See previous posts if you’re confused:
This post is also available on LessWrong.
This wasn’t supposed to be a whole series of posts, so we’re going to speed through the punchline:
One is a normal number.
“No it’s not.”
In base π, I mean.
“No, it’s still just 1.“
Don’t be so greedy. Start with 0. and go from there.
“So it’s 0.222… or 0.333… or something?”
Nope, it’s 0.3011021110…
“That’s… bad. Does it repeat?”
I think it’s normal, but that seems hard to prove.
“So each digit occurs equally often?”
No, normal numbers in base π are about a 37%-30%-29%-4% split of 0, 1, 2, 3.
“Where did that distribution come from?”
Integrals of this weird function:
“And where did that come from?”
It’s the distribution of remainders when computing a random number in base π.
“What are the x coordinates of those discontinuities?”
Sequence of remainders when computing 0.3011021110…
which are dense in [0, 1], by the way.
“Can you prove that?”
No, and neither can you.
“…And the y coordinates?”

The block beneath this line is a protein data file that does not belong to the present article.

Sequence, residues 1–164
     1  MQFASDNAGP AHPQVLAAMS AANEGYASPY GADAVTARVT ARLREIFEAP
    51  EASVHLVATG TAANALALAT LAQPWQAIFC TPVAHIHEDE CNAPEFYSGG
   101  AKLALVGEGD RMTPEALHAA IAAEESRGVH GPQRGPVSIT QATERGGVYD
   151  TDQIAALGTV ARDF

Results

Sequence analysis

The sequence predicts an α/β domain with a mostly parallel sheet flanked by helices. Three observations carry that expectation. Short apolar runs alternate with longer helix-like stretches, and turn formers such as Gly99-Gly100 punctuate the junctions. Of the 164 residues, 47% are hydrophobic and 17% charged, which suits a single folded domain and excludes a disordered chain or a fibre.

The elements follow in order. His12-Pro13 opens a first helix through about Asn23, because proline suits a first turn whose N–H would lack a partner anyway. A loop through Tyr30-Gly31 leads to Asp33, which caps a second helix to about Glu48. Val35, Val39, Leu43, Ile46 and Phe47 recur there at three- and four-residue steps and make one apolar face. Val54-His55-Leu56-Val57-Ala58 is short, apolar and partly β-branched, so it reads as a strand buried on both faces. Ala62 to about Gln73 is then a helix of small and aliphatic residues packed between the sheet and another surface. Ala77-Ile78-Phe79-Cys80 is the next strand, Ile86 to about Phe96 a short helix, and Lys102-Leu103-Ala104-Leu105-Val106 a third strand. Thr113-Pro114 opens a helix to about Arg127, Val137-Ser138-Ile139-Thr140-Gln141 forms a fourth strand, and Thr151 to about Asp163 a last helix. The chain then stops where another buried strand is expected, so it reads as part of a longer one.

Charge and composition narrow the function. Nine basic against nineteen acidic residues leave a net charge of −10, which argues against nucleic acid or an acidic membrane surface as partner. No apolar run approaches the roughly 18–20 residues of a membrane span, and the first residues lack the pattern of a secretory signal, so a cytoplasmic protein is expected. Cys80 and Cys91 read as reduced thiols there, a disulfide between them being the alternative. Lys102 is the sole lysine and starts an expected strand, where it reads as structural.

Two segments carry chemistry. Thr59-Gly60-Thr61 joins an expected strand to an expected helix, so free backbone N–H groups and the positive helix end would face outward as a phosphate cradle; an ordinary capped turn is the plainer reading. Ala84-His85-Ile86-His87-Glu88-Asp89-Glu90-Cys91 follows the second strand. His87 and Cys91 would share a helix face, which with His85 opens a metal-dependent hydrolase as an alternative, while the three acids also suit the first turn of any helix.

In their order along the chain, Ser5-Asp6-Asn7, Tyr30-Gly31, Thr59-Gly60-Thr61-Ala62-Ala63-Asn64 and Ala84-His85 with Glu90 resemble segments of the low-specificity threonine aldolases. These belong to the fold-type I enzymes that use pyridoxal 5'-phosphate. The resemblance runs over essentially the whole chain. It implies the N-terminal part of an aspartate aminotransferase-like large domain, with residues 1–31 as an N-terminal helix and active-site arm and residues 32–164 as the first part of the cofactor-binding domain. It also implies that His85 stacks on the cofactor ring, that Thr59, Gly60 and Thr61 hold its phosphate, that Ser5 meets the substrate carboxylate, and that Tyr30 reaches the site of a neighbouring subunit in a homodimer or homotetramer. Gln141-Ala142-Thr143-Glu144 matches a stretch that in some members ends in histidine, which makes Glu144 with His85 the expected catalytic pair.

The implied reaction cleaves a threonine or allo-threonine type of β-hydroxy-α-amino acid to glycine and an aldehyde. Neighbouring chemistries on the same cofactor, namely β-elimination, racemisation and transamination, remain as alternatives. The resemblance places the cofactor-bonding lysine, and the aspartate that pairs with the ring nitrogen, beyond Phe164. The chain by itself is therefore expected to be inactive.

The discontinuities get smaller by a factor of π each time.
“And almost all numbers have this distribution of remainders?”
“Including 1, if you use the 0.3011021110… representation.”
“So the histogram of x-coordinates of the N largest discontinuities in this function approaches… this function itself, as N goes to infinity.”
“Which has derivative zero almost everywhere, but has a dense set of discontinuities.”
“Any other neat facts about it?”
It’s a fractal.
Stretch out the colored regions by a factor of π horizontally, shrink by π vertically, and add them to each other. You get the original function back:
“And this is all because π is normal, or transcendental, or something?”
Nope, I think analogous statements are all true for base 3.5.